state and the people (what Foucault would say an exercise of discipline and
administering of punishment). And although as helpful as historical
metanarratives are in the unification of a people and establishment of a
nation, one must consider that there are still problematic facets to them, in
terms of their tendency to totalize themselves as the truth, their
predisposition to favor themselves and delegitimize the existence of other
local narratives, as well as their ironic bent for irrationality in order to
avow their own rationalities7.

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the end, the source of power for the entirety of a nation and the system that
keeps everything alive does hinge itself upon the power of the people. The
state is an entity which is not in itself a primary source of power. It takes
power from and legitimizes itself through its citizens who willingly submit to
its will, in exchange for the fulfillment of what they desire. Seeing as
citizenship is grounded on the concept of the nation, the state must therefore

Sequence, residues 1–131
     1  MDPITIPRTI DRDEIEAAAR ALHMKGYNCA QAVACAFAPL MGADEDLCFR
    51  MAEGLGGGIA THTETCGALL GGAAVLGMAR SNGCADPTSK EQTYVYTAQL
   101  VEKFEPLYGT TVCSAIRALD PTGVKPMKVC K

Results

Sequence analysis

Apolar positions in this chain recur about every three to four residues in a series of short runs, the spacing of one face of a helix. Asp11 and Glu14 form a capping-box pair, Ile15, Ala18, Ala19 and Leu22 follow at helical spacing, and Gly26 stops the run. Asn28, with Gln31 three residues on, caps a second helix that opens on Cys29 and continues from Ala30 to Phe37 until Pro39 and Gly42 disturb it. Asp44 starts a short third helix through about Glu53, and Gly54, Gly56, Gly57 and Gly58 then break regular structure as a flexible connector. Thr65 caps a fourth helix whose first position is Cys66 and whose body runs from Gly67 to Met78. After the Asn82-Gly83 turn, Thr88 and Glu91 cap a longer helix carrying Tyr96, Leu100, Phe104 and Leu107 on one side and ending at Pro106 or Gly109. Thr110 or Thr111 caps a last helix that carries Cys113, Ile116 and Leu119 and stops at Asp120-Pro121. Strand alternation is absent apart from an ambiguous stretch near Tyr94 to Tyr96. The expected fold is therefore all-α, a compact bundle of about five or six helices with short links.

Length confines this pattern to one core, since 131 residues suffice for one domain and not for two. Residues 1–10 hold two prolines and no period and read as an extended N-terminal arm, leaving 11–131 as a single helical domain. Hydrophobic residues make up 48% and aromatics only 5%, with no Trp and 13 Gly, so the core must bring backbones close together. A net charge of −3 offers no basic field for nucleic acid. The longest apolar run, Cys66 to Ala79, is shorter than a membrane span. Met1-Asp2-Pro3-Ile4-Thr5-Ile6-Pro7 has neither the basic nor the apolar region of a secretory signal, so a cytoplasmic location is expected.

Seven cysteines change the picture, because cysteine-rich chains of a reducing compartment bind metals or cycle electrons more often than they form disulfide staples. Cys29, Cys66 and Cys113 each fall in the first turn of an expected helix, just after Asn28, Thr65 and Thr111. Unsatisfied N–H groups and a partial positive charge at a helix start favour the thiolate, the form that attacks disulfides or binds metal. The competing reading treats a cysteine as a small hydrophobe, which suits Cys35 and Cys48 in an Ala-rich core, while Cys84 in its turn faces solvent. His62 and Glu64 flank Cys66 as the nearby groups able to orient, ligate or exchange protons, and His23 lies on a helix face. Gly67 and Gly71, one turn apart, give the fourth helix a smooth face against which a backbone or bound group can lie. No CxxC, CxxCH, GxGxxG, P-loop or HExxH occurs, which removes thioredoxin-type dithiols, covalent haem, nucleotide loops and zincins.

aim to propagate an atmosphere of communality amongst its people to safeguard
the existence of the nation. And in order to go about that, it uses a grand
historical narrative that capitalizes on the element of nostalgia, in order to
bring to mind the conception of a collective past for the social body. Provided
the problematic aspects of it is reconciled, a grand historical narrative
proves that it can be a solution in undertaking a feat earlier thought
impossible all along – the unification of a country fraught with its fair share
of odds like ours.

1 Michel Foucault. Discipline & Punish: The Birth of the
Prison, 1977.

2 Michel Foucault. Birth of
Biopolitics. Palgrave Macmillan, 2008, p. 7.

3 Jean-Ernest Renan. “What Is A
Nation?”. Becoming National: A Reader, 1966, p. 19.

4 Ibid. p. 19.

5 Svetlana Boym. The Future of Nostalgia, 2001, p. 8.

6 Jean-Ernest Renan. “What Is A
Nation?”. Becoming National: A Reader, 1966, p. 19.

7 Lyra Lee Bolivar. “Incredulity Towards Metanarratives”: Lyotard
and Metanarratives in the Present-Day, 2017, p. 5.